Dave Hill’s choice of organ was another element that made Midnight distinctive. Dave used a Vox, once favored by ‘60s garage rock bands, but its thin sound was out of vogue by the time the ‘70s were in full swing (imagine if Deep Purple had hired the “96 Tears” organist). Dave also sang lead and the group recorded four of his tunes for Into The Night. His mysterious “Auto-Kinetic Illusion” is among those in which the text is difficult to penetrate. It’s also the most dynamic track on the album, with many shifts in mood and tempo. A microcosm of the entire LP in four minutes; as the band moves between their quiet and heavy sides, the lyrics are clear-cut, metaphoric, and indecipherable. John: “The song evolved out of Dave staring at the dark sky at night for hours and images (illusions) would appear.” At times, the words seem to allude to death. Dave’s father was in a state of decline around the time “Auto-Kinetic Illusion” was written, which John believes influenced the content. Dave did not respond to Facebook messages asking for his input with this article.

The group self-released Into the Night, pressing up 500 copies for an early 1978 release, though they didn’t bother to promote it much. This was largely due to the fact that they were evolving as a unit at a fast clip—so much so, that they rarely played the material in a live setting. To the band, the songs that made up Into The Night were already old news.

Midnight called it quits in 1980. Frank and John still play in a band together, and they both teach music lessons at the same store where the boys of Midnight met all those years ago. At some point, collectors became aware of the greatness of their 1977 LP, and in 2012 a copy of Into The Night sold for 200 bucks.
 
1979
 
Thankfully, the good folks at Drag City (in conjunction with Galactic Zoo Disk) are re-releasing Into The Night at a much more affordable price on July 17th. In the meantime, check out audio clips and pre-order the LP.

Here’s “Auto-Kinetic Illusion”:
 

Posted by Bart Bealmear | Leave a comment
Donald Trump: ‘F*ck your Hair,’ the beer
07.02.2015
09:01 am

Topics:
Amusing
Current Events
Idiocracy
Stupid or Evil?

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Donald Trump’s anti-Mexican comments have made him few (no?) friends in America’s Hispanic community. In fact, I think it’s fair to say that other than a few Fox News-watching racist Republican trolls, his (unfounded) remarks seem low, vile and ridiculous to just about everyone. He’s a silly, grotesque man, full of himself and… he’s just a shithead. Fuck Donald Trump.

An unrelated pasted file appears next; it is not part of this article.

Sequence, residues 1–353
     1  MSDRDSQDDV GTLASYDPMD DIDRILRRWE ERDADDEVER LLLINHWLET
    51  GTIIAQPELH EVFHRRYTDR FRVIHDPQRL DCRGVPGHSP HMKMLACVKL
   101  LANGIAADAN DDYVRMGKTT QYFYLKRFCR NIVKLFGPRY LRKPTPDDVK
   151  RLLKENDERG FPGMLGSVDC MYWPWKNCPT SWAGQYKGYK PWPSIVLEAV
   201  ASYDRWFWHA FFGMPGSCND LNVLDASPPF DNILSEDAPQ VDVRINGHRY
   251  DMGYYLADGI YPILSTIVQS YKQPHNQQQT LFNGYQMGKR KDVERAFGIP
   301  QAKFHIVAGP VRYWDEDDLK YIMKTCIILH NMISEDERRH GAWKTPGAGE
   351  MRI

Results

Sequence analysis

No… fuck his hair.

5 Rabbit Cerveceria is a Chicago-area microbrewery that had been supplying the signature beer for the ritzy Rebar in Chicago’s Trump Tower. The owners are Latino and have decided to sever ties with the loathsome billionaire. Now the Trump brew they had left over has been renamed “Chinga Tu Pelo”—which translates as “Fuck your hair”—in honor of the GOP Presidential and loudmouthed comb-over casualty.

5 Rabbit Cerveceria co-owner Andres Araya told WBEZ radio:

“We would be doing an injustice to the community we serve (and live in) by engaging in business with someone who does not accept our role in society and expresses a rhetoric of hate and ignorance towards us,” Araya wrote in a statement to WBEZ Monday.

“On a personal level, if I did, one of the things that scares me the most is sending the wrong message to my daughters. We are active members of this immigrant community and we need to stand up for ourselves, and more importantly, for those who do not have the voice or means to do so. The very foundation of the United States of America was built on acceptance and inclusion.  That is what drew us here, and that´s what why we feel so strongly about this.”

“As a company, an integral part of our vision reads that we are ‘not only based in, but also look to promote a strong and positive image of Latin America, its heritage and people.’

It would be hypocritical of us to sustain the relationship.”

Right on! Chinga that moron’s pelo!

The giant mattress company Serta yesterday announced that it too would be severing ties with the GOP’s lumbering, out of control Frankenstein monster. Recently NBC and Univision both dumped their ties with the toxic Trump brand.

This self-immolation—Trump’s moronic inferno—is spectacular to watch, but I DO hope the thick-fingered vulgarian makes it to the first Republican debate in August and beyond. Look at how much damage he’s done to himself in such a short time and just imagine what he can do for the GOP!

DONALD! DONALD! DONALD!

Posted by Richard Metzger | Leave a comment
They have Nick Cave dolls now? I want one!
07.02.2015
08:12 am

Topics:
Art
Music

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L.A. based pop-artist Plasticgod has created a series of Nick Cave figures that he’ll be debuting at San Diego Comic-Con on July 9th. (Also debuting at Comic-Con: new Star Wars Stormtrooper figures. Different strokes for different geeks, right?) Each is based on a Cave song title. There’s the “Red Right Hand
 

 
Two slightly different designs for “Babe, You Turn Me On
 

 

 
Tupelo
 

 
More Nick Cave dolls after the jump…

Posted by Ron Kretsch | Leave a comment